“I’m just dreading the day that these become commonplace in the city. Can you imagine every god carrying around his own little radio to talk to other gods that aren’t there instead of the ones in front of him? Can you imagine being expected to carry one of these? Never a moment’s peace? Always in reach of anyone at all who wanted to remind you something or who doesn’t know how to get to the north end of the Limbo Division.”

Sun smiled. “You’re young yet, so I understand. That’ll never happen. Not even the mortals are crazy enough to want to carry these around all the time every day.”

“I hope you’re right,” Aggie said. “Not a lot of gods have attention spans at all as it is. I can only imagine the decline in civilization if we all had these.” Aggie forgot the doodad and considered his role. “You’re sure about this, Boss?”

“You can handle it,” I said.

“Not that part. What I’m asking, Ax, is whether or not you think you can actually drag back some cops. How are you going to convince them to head out here and search some pioneer’s home?”

“I just need something to get them convinced that there’s more to do. I already have an idea how to prove there’s more to the case than the papers are reporting.” I wasn’t as confident as I sounded, and I’m pretty sure that Agnosticism could tell. He’s good that way though. He was ready to do his part even if he didn’t want to. He didn’t like the idea of parking under some tree in the great outdoors with a pair of binoculars. “If Icarus’s guests leave, then you need to know where they’re going. Leave a trail somehow, but follow them.”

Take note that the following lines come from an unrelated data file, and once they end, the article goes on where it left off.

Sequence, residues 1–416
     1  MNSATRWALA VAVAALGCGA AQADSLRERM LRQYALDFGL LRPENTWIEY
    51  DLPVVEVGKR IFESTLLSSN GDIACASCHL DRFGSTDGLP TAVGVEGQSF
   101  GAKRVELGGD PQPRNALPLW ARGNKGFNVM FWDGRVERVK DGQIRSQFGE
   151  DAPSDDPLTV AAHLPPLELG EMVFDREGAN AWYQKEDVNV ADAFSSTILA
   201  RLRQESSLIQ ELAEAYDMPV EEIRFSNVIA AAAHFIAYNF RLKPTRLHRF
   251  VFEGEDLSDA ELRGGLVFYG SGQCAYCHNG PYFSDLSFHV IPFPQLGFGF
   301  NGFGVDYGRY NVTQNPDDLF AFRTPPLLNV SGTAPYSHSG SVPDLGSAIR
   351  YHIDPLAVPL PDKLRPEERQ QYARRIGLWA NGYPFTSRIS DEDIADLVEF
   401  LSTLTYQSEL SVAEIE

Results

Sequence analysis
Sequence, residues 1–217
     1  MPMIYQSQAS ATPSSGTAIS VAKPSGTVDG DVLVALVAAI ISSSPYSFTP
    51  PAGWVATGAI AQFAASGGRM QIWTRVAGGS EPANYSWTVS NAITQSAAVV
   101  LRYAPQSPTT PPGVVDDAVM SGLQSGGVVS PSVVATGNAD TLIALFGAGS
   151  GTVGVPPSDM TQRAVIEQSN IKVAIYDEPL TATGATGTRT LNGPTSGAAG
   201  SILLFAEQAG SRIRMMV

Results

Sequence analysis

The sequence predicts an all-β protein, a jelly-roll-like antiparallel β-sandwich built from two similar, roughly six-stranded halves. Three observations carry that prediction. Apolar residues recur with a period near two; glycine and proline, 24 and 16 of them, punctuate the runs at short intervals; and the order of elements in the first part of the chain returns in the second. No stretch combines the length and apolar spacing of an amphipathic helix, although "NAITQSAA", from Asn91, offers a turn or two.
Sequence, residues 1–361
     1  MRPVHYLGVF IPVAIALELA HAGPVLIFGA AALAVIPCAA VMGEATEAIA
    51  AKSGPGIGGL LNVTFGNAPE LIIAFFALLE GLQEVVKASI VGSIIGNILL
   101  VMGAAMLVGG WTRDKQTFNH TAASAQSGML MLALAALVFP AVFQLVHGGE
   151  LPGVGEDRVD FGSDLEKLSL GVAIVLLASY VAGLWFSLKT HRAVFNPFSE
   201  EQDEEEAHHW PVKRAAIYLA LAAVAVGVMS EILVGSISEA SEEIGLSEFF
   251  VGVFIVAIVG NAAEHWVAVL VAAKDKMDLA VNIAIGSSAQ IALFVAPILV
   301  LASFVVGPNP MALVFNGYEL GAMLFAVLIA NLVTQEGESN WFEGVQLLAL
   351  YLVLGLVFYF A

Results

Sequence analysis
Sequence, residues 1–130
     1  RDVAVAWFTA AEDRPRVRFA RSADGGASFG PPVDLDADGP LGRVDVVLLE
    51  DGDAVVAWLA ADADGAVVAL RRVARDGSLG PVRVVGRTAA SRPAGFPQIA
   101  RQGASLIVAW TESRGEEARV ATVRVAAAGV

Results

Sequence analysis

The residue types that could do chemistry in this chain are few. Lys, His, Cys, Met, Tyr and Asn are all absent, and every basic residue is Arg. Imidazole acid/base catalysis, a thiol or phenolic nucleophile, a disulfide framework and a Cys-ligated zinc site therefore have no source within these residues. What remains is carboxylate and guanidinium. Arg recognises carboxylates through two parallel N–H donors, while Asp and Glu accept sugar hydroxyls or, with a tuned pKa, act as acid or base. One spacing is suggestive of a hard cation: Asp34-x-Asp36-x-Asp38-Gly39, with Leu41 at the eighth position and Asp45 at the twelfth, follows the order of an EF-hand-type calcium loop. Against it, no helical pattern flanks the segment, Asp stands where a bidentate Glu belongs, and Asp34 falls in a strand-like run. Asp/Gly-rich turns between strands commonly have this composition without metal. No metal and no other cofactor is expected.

“Out here?”

“You’re right. If it looks like they’re moving out, head back and get Sun. He can track them.”

Aggie had to ask him, “Could you do that?”

“Sure thing,” Sun said. “I know what goes on over there, and they don’t know if I’m comin’ or goin’. An advantage we have, I live out here. Icarus? He’s just working. It’ll be fifty years before he can travel out here like I can. He could cover his tracks if he had to, but if he doesn’t know he’s bein’ followed, and if there’s some of his buddies with him, then there’s no way for him walk or drive without me following.”

Along with holding the stooge and showing Aggie the ropes, Sun let me borrow one of his old vahanas so that I could get back to town without anyone knowing. He was concerned about that briefly. “Are you sure you can get back? Even with a set a wheels you got to know your way around out here.”

“Just give me a direction, and I can get us back.”

He nodded. “I believe you. You’re givin’ away a few things about yourself, Detective.”

“Extreme times, extreme measures. And I think it’ll get worse. I think when I get back that it’ll be time to exercise the harder points of negotiation.”

“Well I can’t say I’ll be sorry about that. Haven’t been in a real honest to goodness fight for a long time.”

“Just get through it, old timer. The world needs its old heroes.”

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Click here to read Chapter 9.